We all would do well to pay attention to what happened when Moses came down from the mountain and saw what was going on. He became hot with anger, ground the calf which they had made into powder, scattered it on the water, and made the children of Israel drink it. Their false god was destroyed, and they were forced to drink up and share in that destruction. So it will be also on the Day of Christ’s return for all those who have turned their hearts away from Him to other things. They will have to drink the cup of eternal judgment that is fitting for their idolatrous loves.
Let this portion of the Scriptures, then, be a call to repentance for all of us. For whether it has to do with worship or other aspects of our lives, we all know the temptation to go along with the crowd like Aaron did, to conform to the world’s ways of thinking and doing things. Let us rather be transformed by the renewing of our minds, setting our hearts on things above where Jesus is, seated at the right hand of God. Let us not simply focus on what is temporary but on what is eternal, what lasts for all times and places and even beyond time. Seek the treasures of Christ, which cannot be ground to powder or destroyed but which are indestructible and endure forever.
Those treasures of Christ are the real and proper focus of divine service. Church is meant to be not like the culture and the world, but like heaven. Church is where heaven and earth intersect, where Christ Himself is truly present among us in His preaching and body and blood. That’s why in the liturgy we sing the songs of the angels and archangels and all the company of heaven. Going into church is to be like stepping into another world. And that occurs not primarily through what we see but through what we hear, as it is written, “Faith comes by hearing, and hearing by the Word of God.” That Word of Jesus, the Lamb who was slain and raised again, is the constant center of our attention in worship.
Jesus says in today’s Gospel, “The kingdom of God does not come with observation; nor will they say, ‘See here!’ or ‘See there!’ For indeed, the kingdom of God is in your midst.” Faith isn’t all that impressed with what can be seen with the eyes; faith relies on the ears. We don’t put our confidence in what is visually appealing, but what appeals to our hearing, the true and pure Word of God. The kingdom of God is truly in our midst because Christ the King Himself is truly among us right here, even though He remains unseen to ordinary sight. The kingdom of God is wherever the flesh-and-blood Jesus is–wherever He is speaking His words to His people and giving Himself to them in order that they may have His forgiveness and share in His life. Being joined to Christ through faith, we have entrance already here on earth into the heavenly kingdom of God.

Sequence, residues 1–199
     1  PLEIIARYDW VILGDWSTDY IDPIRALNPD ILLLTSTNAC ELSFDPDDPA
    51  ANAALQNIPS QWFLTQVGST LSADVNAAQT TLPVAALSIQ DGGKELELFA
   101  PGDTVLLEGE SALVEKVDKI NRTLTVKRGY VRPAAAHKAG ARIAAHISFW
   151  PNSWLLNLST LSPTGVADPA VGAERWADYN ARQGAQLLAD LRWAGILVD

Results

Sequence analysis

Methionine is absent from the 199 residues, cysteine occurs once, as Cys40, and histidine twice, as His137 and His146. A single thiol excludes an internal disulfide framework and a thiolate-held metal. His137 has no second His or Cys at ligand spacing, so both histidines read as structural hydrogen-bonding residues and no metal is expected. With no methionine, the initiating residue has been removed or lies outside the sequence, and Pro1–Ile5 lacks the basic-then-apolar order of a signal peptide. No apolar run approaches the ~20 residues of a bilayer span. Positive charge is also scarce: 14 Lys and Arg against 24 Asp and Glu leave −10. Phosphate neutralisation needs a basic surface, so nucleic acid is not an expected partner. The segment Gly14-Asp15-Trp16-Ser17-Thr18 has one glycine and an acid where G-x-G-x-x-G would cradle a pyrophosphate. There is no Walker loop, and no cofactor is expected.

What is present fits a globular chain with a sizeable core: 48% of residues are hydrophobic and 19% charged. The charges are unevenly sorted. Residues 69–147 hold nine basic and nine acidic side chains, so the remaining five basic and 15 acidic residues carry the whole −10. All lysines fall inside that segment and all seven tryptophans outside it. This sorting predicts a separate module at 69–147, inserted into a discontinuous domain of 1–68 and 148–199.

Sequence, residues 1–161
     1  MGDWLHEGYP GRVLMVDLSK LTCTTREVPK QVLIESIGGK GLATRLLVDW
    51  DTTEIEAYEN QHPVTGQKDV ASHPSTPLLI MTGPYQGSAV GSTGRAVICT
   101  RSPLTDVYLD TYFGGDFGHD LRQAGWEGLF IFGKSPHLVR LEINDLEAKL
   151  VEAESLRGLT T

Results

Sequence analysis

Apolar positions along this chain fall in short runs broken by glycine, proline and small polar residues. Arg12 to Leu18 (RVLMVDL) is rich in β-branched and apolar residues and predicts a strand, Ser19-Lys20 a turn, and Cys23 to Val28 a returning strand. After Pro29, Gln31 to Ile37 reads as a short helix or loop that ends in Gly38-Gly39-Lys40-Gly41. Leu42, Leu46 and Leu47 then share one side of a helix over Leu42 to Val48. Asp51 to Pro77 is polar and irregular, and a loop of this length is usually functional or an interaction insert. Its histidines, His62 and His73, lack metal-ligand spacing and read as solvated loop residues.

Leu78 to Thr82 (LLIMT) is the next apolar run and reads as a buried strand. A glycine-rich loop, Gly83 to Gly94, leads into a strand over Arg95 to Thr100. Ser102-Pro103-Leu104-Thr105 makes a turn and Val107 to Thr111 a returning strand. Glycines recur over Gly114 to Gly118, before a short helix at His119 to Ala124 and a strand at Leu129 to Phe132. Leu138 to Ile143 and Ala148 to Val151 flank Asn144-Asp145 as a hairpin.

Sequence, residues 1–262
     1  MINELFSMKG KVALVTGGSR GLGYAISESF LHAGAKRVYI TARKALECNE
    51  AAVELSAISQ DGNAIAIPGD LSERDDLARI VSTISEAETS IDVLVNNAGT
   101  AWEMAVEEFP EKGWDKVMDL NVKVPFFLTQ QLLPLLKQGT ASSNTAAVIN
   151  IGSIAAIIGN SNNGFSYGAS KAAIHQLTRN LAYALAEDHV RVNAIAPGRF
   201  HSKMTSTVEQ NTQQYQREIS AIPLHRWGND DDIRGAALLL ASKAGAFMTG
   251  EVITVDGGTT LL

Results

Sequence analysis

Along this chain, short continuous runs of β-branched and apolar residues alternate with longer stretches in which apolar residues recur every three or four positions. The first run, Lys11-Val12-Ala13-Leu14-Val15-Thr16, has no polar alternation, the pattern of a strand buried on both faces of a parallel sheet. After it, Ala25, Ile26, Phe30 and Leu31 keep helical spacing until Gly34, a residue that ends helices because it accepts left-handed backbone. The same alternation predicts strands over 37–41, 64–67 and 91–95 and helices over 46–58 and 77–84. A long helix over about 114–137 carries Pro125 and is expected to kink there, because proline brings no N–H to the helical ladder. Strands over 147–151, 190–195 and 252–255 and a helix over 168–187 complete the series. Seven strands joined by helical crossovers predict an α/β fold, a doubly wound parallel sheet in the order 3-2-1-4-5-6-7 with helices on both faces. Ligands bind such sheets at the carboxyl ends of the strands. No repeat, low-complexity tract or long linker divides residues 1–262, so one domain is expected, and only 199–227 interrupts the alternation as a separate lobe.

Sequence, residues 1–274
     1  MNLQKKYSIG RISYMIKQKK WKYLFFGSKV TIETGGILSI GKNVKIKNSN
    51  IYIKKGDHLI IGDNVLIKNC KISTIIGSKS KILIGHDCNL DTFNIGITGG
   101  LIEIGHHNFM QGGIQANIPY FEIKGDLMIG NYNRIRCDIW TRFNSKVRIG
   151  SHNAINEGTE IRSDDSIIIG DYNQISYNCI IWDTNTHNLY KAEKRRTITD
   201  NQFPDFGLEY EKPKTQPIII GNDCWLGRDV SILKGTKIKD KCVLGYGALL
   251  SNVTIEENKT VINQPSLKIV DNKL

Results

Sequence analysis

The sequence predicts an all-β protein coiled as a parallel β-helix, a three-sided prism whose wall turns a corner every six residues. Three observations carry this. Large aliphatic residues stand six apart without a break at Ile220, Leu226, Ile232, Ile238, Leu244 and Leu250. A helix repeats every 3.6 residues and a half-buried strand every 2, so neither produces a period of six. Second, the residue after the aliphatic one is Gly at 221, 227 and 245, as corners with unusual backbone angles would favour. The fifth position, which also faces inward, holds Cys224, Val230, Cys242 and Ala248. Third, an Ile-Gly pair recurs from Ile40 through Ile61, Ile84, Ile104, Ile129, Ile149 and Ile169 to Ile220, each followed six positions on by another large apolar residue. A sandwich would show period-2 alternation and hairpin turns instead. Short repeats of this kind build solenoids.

Jesus brings to perfect fulfillment for us what Moses did for Israel on the mountain. Remember that God’s wrath was burning hot against the Israelites because of their idolatry, and He said to Moses that He was going to destroy them all. But Moses spoke up and interceded for Israel. He called to mind God’s salvation of Israel and the promises that God had made to Abraham, Isaac, and Jacob. Moses stepped in the way of God’s wrath in order to save Israel. And the Lord relented from the harm and the disaster He was going to do to His people, and He did not do it.
Isn’t that exactly what Jesus has done for you? When God’s wrath was burning hot against you and the whole world because of sin, the Son of God stepped in the way of that wrath and took it all for you in His own body on the cross. When Jesus was crucified, He suffered hell for you so that you would be spared and set free. In Jesus God the Father relents from giving you what you deserve and instead gives you forgiveness and life through faith in Him.
Even now Jesus is still stepping in and interceding and speaking up in your defense. He is your greater Moses, pointing to the blood He shed on your behalf that declares you “not guilty,” calling to mind the divine promises that have been applied to you, that the name of the Holy Trinity is upon you, that you believe and are baptized. It is written in I John, “If anyone sins we have an Advocate with the Father, Jesus Christ the righteous. And He Himself is the atoning sacrifice for our sins.” And Romans 8 says, “Christ Jesus is the one who died—more than that, who was raised—who is at the right hand of God, who indeed is interceding for us.”
So let us then wait patiently for the return of Christ, even if it seems like it’s taking forever. Let us look forward to the Last Day, not dreading it as a day of doom that we need to fear, but as something to look forward to and eagerly desire. For our judgment day already occurred almost 2000 years ago at Calvary. God took care of your judgment on the cross. It’s over and done with. Believe in that truth. All that remains for you now is mercy and life. Jesus tells you to look up and lift up your heads and watch for His return. For your salvation is nearer now than when you first believed. You who are baptized are not those of the golden calf; you are those of the Lamb of God, who takes away the sin of the world.
In the name of the Father and of the ✠ Son and of the Holy Spirit